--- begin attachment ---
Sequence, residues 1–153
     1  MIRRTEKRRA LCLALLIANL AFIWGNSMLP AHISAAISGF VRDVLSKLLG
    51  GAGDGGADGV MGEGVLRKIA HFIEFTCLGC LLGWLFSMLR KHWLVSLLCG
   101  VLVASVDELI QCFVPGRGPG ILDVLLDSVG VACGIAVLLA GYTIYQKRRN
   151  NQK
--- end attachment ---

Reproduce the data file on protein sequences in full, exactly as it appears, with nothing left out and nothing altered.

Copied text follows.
Sequence, residues 1–153
     1  MIRRTEKRRA LCLALLIANL AFIWGNSMLP AHISAAISGF VRDVLSKLLG
    51  GAGDGGADGV MGEGVLRKIA HFIEFTCLGC LLGWLFSMLR KHWLVSLLCG
   101  VLVASVDELI QCFVPGRGPG ILDVLLDSVG VACGIAVLLA GYTIYQKRRN
   151  NQK